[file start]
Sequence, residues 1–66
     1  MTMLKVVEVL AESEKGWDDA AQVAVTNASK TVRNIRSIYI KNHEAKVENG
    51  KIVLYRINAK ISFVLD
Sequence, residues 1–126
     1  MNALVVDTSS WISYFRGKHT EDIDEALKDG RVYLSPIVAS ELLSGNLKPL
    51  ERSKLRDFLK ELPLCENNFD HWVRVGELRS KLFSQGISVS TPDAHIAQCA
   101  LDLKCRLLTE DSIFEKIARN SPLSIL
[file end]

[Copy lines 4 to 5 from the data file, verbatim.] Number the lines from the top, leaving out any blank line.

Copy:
Sequence, residues 1–126
     1  MNALVVDTSS WISYFRGKHT EDIDEALKDG RVYLSPIVAS ELLSGNLKPL